Tuesday, October 29, 2013

My years in horror: 2008

There were some good horror movies released in 2008, including The Ruins, which I still use to creep out my mom. But you won't be able to convince me that there was a better horror movie from 2008 than Let the Right One In.

This Swedish vampire flick (remade well by Matthew Vaughn in America as Let Me In) raised the bar for the genre. Not only is it effective as a modern vampire tale, but it also highlights the reality of certain living outsiders: the bullied. Let the Right One In is arguably horror's best statement on bullying since the original Carrie. Much has changed since 1976 when that film came out, but any things haven't. There are still bullies and there are still victims. In this vampire film, it is a young boy, Oskar, who is a classic victim of bullies: he looks different from every one else, he's from a broken home, he has no friends. And then he gets a new neighbor.

Eli, supposedly an 11-year-old girl, moves in to the apartment next to Oskar's with her "father." Things next door are not what they seem: Eli is a vampire, but since she has the body of a child, she has a hard time hunting for herself. Her "father" kills and collects blood for her ... until he gets caught.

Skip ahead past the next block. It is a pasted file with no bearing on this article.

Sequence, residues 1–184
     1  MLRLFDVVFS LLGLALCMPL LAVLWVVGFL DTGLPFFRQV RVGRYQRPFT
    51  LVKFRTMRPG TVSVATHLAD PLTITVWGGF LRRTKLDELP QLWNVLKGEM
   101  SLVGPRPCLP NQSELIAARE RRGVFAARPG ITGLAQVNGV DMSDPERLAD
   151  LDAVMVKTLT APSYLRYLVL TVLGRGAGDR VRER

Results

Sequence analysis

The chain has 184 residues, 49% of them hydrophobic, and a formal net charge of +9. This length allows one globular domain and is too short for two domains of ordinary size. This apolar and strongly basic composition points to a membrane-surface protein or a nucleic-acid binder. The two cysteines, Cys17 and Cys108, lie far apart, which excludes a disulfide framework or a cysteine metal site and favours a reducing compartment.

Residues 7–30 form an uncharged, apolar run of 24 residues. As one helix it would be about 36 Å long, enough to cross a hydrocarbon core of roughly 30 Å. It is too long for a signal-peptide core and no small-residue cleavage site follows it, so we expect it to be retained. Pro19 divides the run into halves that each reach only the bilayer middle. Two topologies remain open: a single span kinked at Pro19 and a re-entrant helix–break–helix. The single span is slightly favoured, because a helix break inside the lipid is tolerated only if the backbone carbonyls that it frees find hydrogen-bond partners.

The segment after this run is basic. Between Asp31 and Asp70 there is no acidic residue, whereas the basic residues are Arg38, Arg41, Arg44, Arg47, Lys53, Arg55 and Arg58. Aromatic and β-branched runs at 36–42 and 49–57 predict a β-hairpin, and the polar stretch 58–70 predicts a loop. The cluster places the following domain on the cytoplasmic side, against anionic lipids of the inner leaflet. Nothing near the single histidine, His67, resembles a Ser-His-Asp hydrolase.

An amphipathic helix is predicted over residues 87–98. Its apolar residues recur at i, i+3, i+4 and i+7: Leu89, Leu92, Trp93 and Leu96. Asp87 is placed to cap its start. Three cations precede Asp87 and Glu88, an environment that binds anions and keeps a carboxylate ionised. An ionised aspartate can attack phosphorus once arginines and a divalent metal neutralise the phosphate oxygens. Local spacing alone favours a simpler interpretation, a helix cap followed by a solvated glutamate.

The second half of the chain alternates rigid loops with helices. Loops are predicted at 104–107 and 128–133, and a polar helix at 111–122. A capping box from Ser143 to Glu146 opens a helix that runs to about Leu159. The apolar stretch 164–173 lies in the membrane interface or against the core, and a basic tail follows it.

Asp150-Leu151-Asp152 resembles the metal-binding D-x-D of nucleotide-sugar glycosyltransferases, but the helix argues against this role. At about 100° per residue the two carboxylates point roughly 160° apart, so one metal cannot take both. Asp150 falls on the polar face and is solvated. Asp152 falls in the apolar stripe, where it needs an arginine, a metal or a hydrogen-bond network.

As the relationship between Oskar and Eli develops, they each let the other in on their secrets. Eli is a killer by nature and Oskar wants to kill he bullies. The resolution of this situation is brutal but not any worse than watching CNN on one of those dreaded days when another school shooting is announced. Oskar must comes to terms with what happens and both must live on. Neither asked to be put in the situations they are in, and they fight against it by trying to enlist outside forces before ultimately accepting that they are the agents of change in their lives.

The Swedish setting of the film lends a unique oddness to the experience. There is always snow on the ground and if a scene is indoors, there is always something white, which plays to Oskar's pale hair and skin. Eli has pale skin, too, but is the dark to Oskar's light. She has dark, almost black eyes, and deep brunette hair. Her appearance make sit obvious that she does not belong.

Let the Right One In includes some difficult backstory and revelations which the American filmmakers chose to leave out of their remake. I think they made the right decision for the tone of their movie but if those same moments had been left out of the original Swedish film, I think it would have lost some of its impact.

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